We are more valuable to the Kingdom of God, not when we know the answer or preach the answer or write the answer, but when we BECOME the answer. How long has it been since we have been on our knees repenting before God for yielding our members as instruments of unrighteousness and begging for God’s forgiveness; actively and purposefully forgiving others; and then if necessary, asking those we have offended for their forgiveness as well?

 

God made it very clear to me this morning: When this happens among My people, revival will come.

 

We say that we long for REVIVAL and REST. Please don’t miss the word rest here. Yet, God offers it to us—if we are willing to do the hard work of repentance. But wait, God said that we don’t truly want it:

 

This is what the Sovereign Lord, the Holy One of Israel says, “In repentance and rest is your salvation; in quietness and trust is your strength; but you would have none of it.” (Isaiah 30:15)

 

The answers to the questions: “Will revival come and when?” are clearly up to us—God’s people—not the unsaved, or the ungodly, or those sinners. I know where I’m spending the afternoon. “Oh, the cross; oh, the cross; the cross is my confession.”1

 

Thank You, Dear God, for not giving us rest until we have done what you require of us! ~ Janie Kellogg

 

1Kari Jobe, The Cross is My Confession

 

 

Call a Spade a Spade March 27, 2014

If I sound like a broken record, I am. Yet in my search to discover the mysteries of God, including the promised rest in Hebrews 4, I am continually led to the same subject: death to self. An insight I recently gleaned from Andrew Murray’s writings brought some clarity to the issue that has perhaps baffled Christians for centuries. Murray, the Christian icon from South Africa, clearly believed that self is Satan’s representative within each of us.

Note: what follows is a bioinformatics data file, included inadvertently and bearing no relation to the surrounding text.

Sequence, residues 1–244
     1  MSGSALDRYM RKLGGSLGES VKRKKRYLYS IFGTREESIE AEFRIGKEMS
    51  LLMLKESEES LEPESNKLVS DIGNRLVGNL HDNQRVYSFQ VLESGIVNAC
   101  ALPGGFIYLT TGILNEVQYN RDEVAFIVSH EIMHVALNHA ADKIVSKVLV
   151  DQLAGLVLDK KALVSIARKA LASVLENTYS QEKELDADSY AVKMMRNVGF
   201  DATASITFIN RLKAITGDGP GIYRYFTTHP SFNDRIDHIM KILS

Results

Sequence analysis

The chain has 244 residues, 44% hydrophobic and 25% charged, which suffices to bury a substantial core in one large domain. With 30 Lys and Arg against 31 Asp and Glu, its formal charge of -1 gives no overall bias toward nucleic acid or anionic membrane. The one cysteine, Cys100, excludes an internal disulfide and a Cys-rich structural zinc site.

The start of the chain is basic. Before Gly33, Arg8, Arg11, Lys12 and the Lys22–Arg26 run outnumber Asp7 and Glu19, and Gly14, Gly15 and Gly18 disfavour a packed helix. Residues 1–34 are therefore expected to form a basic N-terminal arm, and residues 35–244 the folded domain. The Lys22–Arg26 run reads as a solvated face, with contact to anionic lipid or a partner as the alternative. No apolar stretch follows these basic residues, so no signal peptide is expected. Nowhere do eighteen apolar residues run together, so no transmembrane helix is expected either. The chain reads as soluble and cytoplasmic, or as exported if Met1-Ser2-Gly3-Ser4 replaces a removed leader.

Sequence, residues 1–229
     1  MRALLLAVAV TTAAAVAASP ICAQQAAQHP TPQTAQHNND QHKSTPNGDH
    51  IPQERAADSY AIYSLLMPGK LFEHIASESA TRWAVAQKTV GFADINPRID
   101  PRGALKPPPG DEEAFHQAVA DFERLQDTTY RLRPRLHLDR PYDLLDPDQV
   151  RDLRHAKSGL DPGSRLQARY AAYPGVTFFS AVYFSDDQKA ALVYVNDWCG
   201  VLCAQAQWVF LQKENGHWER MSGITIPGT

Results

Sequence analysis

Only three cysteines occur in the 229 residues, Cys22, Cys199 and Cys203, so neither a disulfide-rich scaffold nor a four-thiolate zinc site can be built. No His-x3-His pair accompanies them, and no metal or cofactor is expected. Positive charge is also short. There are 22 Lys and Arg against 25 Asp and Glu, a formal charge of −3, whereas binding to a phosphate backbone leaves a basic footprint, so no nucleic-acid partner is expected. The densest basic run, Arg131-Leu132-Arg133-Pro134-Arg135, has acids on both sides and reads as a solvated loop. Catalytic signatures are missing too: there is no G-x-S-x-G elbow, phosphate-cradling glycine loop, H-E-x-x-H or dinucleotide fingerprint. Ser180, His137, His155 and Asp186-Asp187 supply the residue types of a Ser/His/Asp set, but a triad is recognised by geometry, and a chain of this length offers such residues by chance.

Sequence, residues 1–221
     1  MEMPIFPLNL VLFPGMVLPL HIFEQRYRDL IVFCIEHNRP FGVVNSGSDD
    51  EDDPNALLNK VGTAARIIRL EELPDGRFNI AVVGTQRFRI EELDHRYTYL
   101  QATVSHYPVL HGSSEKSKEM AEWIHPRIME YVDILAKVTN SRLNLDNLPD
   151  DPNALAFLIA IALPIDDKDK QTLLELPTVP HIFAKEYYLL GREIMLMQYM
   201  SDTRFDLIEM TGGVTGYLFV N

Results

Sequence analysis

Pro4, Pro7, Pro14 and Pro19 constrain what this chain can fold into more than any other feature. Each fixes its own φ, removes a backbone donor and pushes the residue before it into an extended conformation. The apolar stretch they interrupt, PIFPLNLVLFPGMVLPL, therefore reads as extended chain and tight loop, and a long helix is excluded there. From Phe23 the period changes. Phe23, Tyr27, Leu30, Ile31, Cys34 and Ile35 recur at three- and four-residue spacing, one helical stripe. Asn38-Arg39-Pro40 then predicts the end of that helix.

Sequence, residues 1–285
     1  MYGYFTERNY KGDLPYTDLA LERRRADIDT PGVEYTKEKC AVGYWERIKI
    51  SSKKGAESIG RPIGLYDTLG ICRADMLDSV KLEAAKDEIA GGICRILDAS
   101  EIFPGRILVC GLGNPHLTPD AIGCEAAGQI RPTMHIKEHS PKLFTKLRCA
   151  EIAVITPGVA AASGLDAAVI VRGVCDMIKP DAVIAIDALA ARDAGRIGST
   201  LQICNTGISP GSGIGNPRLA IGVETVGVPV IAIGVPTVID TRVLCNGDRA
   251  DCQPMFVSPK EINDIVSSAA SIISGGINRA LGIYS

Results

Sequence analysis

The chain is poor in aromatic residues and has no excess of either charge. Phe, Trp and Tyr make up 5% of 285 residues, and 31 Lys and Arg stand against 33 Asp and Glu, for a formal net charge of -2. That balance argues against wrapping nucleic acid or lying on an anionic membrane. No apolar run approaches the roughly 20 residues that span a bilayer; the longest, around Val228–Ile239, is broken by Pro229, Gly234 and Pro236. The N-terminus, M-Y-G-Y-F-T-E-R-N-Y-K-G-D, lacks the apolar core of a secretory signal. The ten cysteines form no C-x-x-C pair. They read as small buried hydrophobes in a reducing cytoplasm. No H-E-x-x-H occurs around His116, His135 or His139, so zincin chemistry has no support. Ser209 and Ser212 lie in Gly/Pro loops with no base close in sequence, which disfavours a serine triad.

If this is true, then I must ask: “Why would I yield to Satan’s representative rather than Christ’s representative, the Holy Spirit?” I doubt that I intentionally do so, yet I find myself doing it all the time. However, with this revelation, it should be easier to identify just who it is that I am supposed to be denying.

 

Consider this thought: Satan does his work in me through his representative in me—self. Light-bulb flash here! That concept is difficult for Americans to accept because of the mindset that we are entitled to the American dream. If self wants something, especially something good and wholesome, we believe that we have a right to have it, do it, or say it.

 

While that could be true in this kingdom we call America, it is NOT true in the Kingdom of God. When we were born again by the Spirit, we changed kingdoms. We are no longer members of any earthly kingdom.

 

Jesus tried to explain what the Kingdom of God is like, and according to His teachings, God’s Kingdom and America are not the same thing. America, with its many freedoms, may be the closest thing on earth to the Kingdom of God, but it is far from being the same.

 

Being born into God’s Kingdom changes everything—it changes who we are, how we act, what we say, and most importantly, what we think! Kingdom-thinkers see things the world cannot see, and therefore, we have a new mindset about everything. As we grow in Christ, this difference will surface time and time again.